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Europe’s disastrous summit

Felix Salmon
Dec 9, 2011 05:56 UTC

I thought disasters were all meant to happen over the weekend? Somehow, in Brussels, EU leaders have contrived to pull defeat out of the jaws of victory on Thursday night, leaving Friday for finger-pointing and recriminations and wondering whether anybody who signed on to this deal has any chance at all of even getting re-elected, let alone being remembered as one of the leaders who saved the euro.

Remember how Wolfgang Münchau said that the Euro zone had to get it right at this summit or it would collapse? Well, the Euro zone has most emphatically not got it right. Take any of the list of prescriptions of the minimum necessary right now — from Münchau, from Larry Summers, from Mohamed El-Erian — and the one thing that jumps out at you, especially in light of the most recent news, is that if you look at anybody’s list, there’s an enormous number of items which has zero chance of actually happening.

Here’s how the FT put it on Wednesday:

It borders on hysterical to say there are but hours to save the euro, but there is a risk that if the crisis is not now tamed the price of a rescue might start to spiral out of politicians’ grasp. The stakes are therefore very high at Friday’s summit. The world cannot afford another half-baked solution.

And yet, inevitably, another half-baked solution is exactly what we got. Which means, I fear, that it is now, officially, too late to save the Eurozone: the collapse of the entire edifice is now not a matter of if but rather of when.

For one thing, fracture is being built into today’s deal: rather than find something acceptable to all 27 members of the European Union, the deal being done is getting negotiated only between the 17 members of the Euro zone. Where does that leave EU members like Britain which don’t use the euro? Out in the cold, with no leverage. If the UK doesn’t want to help save the euro — and, by all accounts, it doesn’t — then that in and of itself makes the task much more difficult.

But that’s just the beginning of the failures we’re seeing from European leaders right now. It seems that German chancellor Angela Merkel is insisting on a fully-fledged treaty change — something there simply isn’t time for, and which the electorates of nearly all European countries would dismiss out of hand. Europe, whatever its other faults, is still a democracy, and it’s clear that any deal is going to be hugely unpopular among most of Europe’s population. There’s simply no chance that a new treaty will get the unanimous ratification it needs, and in the mean time the EU’s crisis-management tools are just not up to dealing with the magnitude of the current crisis.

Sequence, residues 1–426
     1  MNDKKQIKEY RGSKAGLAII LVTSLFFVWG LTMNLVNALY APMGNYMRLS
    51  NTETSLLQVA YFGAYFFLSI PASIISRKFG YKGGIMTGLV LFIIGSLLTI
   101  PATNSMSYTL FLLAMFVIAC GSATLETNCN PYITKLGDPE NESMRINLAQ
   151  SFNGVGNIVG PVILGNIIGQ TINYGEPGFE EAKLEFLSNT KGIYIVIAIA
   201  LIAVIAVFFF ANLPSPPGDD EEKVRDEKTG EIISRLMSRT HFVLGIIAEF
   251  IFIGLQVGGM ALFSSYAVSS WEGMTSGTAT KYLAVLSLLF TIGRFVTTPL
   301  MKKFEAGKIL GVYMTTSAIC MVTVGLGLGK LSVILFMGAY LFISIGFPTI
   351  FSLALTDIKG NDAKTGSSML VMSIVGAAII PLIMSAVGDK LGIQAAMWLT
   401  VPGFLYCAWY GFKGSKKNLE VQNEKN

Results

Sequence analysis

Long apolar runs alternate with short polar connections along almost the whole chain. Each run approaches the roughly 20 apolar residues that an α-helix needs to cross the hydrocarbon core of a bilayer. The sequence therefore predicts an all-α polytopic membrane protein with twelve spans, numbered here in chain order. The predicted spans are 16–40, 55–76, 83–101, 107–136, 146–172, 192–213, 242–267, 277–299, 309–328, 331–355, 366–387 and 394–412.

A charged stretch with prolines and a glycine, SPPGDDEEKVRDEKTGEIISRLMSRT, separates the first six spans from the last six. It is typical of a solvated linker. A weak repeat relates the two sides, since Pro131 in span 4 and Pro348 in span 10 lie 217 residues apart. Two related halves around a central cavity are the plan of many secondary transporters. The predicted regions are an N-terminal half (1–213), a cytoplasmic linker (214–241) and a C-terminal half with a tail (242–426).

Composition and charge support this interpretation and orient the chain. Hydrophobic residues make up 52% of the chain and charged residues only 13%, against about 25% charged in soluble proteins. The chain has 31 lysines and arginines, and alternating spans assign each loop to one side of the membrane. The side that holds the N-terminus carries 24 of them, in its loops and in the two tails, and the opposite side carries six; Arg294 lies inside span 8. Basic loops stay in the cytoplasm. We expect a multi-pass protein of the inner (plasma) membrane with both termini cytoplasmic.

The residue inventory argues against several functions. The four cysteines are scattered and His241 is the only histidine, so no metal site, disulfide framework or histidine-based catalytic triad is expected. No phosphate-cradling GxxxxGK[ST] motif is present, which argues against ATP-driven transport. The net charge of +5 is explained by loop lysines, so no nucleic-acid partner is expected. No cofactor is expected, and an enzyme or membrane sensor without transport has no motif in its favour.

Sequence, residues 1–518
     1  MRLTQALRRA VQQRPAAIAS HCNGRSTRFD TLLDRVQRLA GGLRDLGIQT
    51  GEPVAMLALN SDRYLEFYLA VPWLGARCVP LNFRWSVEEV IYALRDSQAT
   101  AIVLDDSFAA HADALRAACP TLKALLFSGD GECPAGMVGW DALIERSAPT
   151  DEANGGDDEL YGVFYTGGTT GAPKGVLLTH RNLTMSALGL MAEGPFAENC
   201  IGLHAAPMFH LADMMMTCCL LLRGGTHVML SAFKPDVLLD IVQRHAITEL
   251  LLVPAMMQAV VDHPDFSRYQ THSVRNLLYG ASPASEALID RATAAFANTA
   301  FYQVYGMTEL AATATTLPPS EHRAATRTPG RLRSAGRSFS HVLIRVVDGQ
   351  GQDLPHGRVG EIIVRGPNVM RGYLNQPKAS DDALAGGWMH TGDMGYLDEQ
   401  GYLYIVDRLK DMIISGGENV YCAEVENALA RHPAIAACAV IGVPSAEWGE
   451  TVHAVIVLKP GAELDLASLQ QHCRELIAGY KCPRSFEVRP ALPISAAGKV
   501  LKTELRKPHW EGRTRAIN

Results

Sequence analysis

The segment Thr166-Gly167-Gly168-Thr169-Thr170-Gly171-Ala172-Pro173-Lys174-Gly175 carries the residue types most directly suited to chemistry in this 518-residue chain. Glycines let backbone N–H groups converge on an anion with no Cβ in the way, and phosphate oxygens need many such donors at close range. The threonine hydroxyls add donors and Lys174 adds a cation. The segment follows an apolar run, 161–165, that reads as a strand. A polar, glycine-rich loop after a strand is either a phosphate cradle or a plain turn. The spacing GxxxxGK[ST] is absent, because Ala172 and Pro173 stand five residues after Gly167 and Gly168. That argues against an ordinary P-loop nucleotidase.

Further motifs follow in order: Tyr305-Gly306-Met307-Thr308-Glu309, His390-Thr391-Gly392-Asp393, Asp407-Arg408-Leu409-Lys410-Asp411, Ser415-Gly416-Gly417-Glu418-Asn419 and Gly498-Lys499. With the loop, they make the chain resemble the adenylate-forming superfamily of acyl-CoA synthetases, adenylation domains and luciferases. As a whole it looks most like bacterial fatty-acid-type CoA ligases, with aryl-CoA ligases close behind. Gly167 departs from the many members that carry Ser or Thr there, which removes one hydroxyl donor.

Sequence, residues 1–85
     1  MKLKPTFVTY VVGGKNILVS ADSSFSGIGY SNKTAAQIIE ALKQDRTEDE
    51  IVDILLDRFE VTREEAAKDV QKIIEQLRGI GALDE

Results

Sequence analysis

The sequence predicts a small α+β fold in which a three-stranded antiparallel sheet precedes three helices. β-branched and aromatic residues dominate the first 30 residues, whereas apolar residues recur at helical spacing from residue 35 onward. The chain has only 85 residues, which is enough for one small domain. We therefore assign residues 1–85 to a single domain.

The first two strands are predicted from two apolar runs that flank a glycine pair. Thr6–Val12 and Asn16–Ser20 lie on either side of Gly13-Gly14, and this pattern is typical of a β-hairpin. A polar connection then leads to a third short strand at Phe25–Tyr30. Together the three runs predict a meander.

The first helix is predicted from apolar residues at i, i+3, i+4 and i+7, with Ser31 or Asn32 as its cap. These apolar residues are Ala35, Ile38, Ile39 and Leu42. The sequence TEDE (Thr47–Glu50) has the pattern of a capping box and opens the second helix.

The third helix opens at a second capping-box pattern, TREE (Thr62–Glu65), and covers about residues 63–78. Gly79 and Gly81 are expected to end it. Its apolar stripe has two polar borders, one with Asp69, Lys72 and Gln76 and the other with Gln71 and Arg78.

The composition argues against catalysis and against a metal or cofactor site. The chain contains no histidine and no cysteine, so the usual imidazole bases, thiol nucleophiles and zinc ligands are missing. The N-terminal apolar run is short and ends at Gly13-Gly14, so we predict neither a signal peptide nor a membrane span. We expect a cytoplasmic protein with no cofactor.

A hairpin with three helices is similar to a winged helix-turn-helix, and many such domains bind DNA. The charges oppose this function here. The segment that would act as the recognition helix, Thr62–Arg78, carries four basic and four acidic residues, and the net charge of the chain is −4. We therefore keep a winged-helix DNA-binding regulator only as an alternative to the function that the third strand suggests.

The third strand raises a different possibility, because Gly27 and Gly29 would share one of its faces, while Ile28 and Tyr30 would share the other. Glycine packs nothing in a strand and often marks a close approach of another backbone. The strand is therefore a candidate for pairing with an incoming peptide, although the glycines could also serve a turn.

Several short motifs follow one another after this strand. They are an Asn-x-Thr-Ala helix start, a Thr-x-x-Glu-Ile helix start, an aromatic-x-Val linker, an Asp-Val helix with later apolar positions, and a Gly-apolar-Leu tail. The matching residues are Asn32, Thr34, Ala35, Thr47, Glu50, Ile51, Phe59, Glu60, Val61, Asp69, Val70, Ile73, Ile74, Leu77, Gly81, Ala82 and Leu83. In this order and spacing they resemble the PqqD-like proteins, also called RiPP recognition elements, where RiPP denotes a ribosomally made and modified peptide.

The fundamental problem is that there isn’t enough money to go around. The current bailout fund, the European Financial Stability Facility, is barely big enough to cope with Greece; it doesn’t have a chance of being able to bail out a big economy like Italy or Spain. So it needs to beef up: it needs to be able to borrow money from the one entity which is actually capable of printing money, the European Central Bank.

But the ECB’s president, Mario Draghi, has made it clear that’s not going to happen. Draghi is nominally Italian but in reality one of the stateless European technocratic elite: a former vice chairman and managing director of Goldman Sachs, he’s perfectly comfortable delivering Italy the bad news that he’s not going to lend her the money she needs. He’s very reluctant to lend it directly, he won’t lend it to the EFSF, and he won’t lend it to the IMF. Draghi has his instructions, and he’s sticking to them — even if doing so means the end of the euro zone as we know it.

And there’s more bad news, too. All of Europe’s hopes right now are being placed in something called the European Stability Mechanism — a permanent successor to the temporary EFSF. Since it’s permanent, the ESM is going to have to be constructed with the ability to put out fires of any conceivable size. And as such, it’s going to have to be able to borrow enormous amounts of money, and lend them on to countries which have found themselves in trouble.

But that would make the ESM, essentially, a bank. And the European leaders seem determined, today, to prevent the ESM from operating as a bank at all. Which means it will never get the firepower it needs to be taken seriously.

Oh, and did I mention that the ESM seems set to be capped at a mere €500 billion euros? That’s a lot of money, of course, but compare it to Italy’s total debt of roughly €2 trillion. And that isn’t even counting Spain, or Portugal, or Ireland, or whatever money Greece might yet still need.